Well, I think we have recovered from the three-day hike. It took about 2 days for my feet to recover so that it didn’t feel painful to walk on them again but my knees took longer. There are a lot of stairs in Tzfat and my knees were none to happy to be back in this town. However, I feel some benefit from the hike. I feel I have a bit more stamina and when my knees finally stopped complaining about the stairs I found that I could do 150 stairs with at least a little more ease than before. I also got more of a tan….. er, on my arms, that is. I got a slight burn on my legs but only in sporadic spots making me look utterly ridiculous in shorts (the line where my hiking socks were really adds to the look nicely). All in all I can look back on the hike fondly now that the good memories are moving to the forefront of my mind and the pain is receding to the back. And I have to admit, there is a different feeling in our group now, a closeness, since we endured and prevailed together.
The weekend was good, very laid back as shabat tends to be here in Tzfat (everything closes around 12pm on Friday and doesn’t open again until Saturday night after sundown or Sunday morning). I got all dolled up in pink for shabat and had lunch with one of the coordinators of the program and his family. It was a truly wonderful meal with excellent debates and conversations at the table. And of course it was followed by a nice shabat nap. Hey, when you’re not allowed to use electronic devices or phones, what can you do but read and nap??
Sunday was community service day for us and a group of us had decided on a new activity, one that is not only greatly needed in THIS town but in all over Israel; we decided on a group effort to pick up garbage around town. We donned plastic gloves and grabbed garbage bags and headed out into the neighbourhood hunting for trash. I was particularly happy about this activity because I am deeply dismayed and disappointed by the garbage situation in Israel. The sense of awareness and community seems to elude Israelis when it comes to litter as they will toss garbage anywhere, anytime, anyplace and with no regard whatsoever. It is sad and it makes me angry. I am not sure what it’s going to take to get the people of this country to start taking some pride in the appearance and environmental health of their country but it had better happen soon. The lack of caring coupled with the love affair with plastics this country has is a recipe for an environmental disaster (no trees means no local paper products. If you want paper cups you buy expensive imported ones).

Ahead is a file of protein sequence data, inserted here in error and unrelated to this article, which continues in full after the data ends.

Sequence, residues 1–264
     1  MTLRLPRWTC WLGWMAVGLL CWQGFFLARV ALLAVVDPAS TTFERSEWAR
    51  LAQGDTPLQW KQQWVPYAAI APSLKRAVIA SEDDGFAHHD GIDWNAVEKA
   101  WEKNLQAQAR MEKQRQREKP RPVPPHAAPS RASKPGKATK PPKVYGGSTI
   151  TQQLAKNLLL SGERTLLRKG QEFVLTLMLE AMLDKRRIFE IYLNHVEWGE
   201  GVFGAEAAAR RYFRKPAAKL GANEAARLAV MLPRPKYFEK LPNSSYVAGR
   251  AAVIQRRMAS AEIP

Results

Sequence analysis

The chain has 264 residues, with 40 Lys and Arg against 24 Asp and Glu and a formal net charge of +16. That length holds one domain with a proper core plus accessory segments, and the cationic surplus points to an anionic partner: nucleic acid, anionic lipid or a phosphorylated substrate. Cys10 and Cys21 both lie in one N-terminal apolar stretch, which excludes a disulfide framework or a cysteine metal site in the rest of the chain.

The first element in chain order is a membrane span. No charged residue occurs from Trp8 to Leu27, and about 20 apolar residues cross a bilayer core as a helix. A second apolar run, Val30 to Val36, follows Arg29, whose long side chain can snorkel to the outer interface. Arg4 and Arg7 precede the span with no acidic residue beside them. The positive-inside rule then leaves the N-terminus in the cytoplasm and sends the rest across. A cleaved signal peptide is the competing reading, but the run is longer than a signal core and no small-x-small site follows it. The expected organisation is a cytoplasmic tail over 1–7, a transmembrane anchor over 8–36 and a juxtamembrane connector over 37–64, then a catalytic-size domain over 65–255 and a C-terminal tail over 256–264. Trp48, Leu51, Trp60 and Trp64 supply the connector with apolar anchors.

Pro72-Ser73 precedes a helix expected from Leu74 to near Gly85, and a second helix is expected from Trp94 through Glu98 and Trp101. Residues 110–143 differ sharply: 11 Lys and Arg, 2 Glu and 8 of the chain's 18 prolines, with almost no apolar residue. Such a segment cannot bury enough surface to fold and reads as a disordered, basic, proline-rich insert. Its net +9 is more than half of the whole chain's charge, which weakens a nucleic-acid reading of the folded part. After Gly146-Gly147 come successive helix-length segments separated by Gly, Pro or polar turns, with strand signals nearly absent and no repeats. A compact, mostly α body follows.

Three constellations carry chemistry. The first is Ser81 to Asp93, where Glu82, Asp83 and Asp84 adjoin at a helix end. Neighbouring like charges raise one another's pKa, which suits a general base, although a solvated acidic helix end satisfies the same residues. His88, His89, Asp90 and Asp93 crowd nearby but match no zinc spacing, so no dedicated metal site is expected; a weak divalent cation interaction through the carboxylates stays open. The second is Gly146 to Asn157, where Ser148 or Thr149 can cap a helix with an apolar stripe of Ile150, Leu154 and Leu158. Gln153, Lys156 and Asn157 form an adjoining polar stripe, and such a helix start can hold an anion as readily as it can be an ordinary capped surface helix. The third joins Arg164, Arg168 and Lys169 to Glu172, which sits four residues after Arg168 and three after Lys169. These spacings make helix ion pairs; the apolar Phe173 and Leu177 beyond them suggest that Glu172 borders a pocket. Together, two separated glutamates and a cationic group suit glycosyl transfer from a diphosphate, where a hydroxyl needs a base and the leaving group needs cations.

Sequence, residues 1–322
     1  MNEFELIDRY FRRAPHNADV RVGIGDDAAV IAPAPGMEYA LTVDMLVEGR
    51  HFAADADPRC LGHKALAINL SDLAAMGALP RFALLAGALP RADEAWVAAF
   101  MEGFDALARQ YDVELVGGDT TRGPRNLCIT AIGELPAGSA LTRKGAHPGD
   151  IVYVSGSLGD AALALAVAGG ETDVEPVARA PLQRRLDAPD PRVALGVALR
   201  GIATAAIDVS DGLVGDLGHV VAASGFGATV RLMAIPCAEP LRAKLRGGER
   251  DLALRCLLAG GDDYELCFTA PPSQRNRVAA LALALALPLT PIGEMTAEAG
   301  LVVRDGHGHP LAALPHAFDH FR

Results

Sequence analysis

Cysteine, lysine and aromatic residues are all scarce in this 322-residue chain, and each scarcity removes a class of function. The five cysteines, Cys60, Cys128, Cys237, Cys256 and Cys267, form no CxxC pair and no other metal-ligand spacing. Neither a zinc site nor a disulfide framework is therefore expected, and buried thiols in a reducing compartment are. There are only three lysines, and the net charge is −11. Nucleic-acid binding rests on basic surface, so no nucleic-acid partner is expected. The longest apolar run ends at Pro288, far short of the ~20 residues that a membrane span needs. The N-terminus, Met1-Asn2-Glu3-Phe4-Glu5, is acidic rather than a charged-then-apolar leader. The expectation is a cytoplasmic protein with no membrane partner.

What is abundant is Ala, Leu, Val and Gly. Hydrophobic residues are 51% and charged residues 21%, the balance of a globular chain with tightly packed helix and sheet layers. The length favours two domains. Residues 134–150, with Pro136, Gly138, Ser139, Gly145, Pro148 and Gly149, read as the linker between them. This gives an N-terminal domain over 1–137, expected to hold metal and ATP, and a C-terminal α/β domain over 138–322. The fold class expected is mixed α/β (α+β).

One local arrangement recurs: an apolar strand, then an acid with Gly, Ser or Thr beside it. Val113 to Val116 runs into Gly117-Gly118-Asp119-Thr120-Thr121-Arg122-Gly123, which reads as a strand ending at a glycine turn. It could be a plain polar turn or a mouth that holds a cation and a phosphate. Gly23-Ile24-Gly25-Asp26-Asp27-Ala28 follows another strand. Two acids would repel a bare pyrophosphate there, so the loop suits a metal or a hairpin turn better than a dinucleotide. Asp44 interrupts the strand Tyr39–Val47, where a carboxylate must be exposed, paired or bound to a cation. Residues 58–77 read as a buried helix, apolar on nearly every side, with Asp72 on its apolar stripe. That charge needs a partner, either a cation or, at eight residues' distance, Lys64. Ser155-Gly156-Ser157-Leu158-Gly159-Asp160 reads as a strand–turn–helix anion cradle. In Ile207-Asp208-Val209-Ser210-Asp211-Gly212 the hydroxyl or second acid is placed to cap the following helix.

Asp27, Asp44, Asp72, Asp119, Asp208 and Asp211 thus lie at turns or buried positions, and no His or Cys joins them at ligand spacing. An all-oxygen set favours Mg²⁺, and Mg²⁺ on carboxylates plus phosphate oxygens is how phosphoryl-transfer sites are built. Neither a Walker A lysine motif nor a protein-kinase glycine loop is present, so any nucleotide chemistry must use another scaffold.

Anyway, enough of my ranting. The garbage pickup was a great community service for the day and we took pride in our efforts. Some of the locals asked what the hell we were doing, others said Kol Hakavod! (“Bravo!”). And we even had a stray dog, as usual, follow us around for the day. She was an absolute angel and so small and friendly. We had to keep her head out of our garbage a lot of the time and even picked up a present she left for us in the middle of the street. Eventually one of the girls ran back to the campus and grabbed a big piece of chicken left over from dinner the night before and gave it to her. Ever grateful she gobbled it up and when we soon parted ways.
Last night was a lot of fun as we had a large group cooking session for the upcoming Rosh Hashana (New Year) celebrations. At sundown tonight a new year will be ushered in and everyone will reflect on the past year, make amends to those they have wronged over the past year, and prepare for positive changes in the new year. Group cooking is always a lot of fun as the music is turned up and the group comes together to make a big old mess in the kitchen all in the name of communal cooking. Onions, carrots, celery, broccoli, beets, cabbage and tomatoes are cut, diced and sliced. Meat is marinated and pies and cakes are made. It’s a chaos but it’s a lot of fun and the food usually turns out amazingly well (ok, so the honey cakes didn’t survive this time; they sort of.. fell). However, our efforts are for tomorrow night’s dinner. Tonight we will celebrate as a group but tomorrow night, like on shabat, we will go out into the town and be welcomed into the homes of strangers for dinner and celebrations. This always promises to be interesting as it is a different family every time.
And with that I bid you farewell. I likely won’t be able to come online or call anyone for the next couple of days so I will see you at the end of the week. Sunday the group will be packing up and heading back to Jerusalem for a month.
Shana Tova! (Happy New Year!)